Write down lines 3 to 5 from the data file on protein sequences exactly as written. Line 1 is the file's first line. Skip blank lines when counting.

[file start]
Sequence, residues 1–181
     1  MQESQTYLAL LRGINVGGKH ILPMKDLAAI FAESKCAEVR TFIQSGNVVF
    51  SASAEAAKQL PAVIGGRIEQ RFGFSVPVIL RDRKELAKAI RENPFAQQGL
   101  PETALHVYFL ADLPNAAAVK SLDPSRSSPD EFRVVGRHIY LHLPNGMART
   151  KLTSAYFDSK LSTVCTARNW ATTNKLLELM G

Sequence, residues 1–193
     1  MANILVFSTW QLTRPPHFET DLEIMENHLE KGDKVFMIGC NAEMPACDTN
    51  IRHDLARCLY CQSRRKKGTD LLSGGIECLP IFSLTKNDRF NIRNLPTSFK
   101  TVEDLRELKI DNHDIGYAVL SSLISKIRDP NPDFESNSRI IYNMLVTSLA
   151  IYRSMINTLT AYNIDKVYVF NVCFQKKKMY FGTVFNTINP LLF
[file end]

    51  SASAEAAKQL PAVIGGRIEQ RFGFSVPVIL RDRKELAKAI RENPFAQQGL
   101  PETALHVYFL ADLPNAAAVK SLDPSRSSPD EFRVVGRHIY LHLPNGMART
   151  KLTSAYFDSK LSTVCTARNW ATTNKLLELM G